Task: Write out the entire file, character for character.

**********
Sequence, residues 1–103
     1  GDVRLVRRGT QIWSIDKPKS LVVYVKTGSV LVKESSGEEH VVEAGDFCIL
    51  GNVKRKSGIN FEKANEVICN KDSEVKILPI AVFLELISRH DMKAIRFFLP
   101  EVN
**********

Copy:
Sequence, residues 1–103
     1  GDVRLVRRGT QIWSIDKPKS LVVYVKTGSV LVKESSGEEH VVEAGDFCIL
    51  GNVKRKSGIN FEKANEVICN KDSEVKILPI AVFLELISRH DMKAIRFFLP
   101  EVN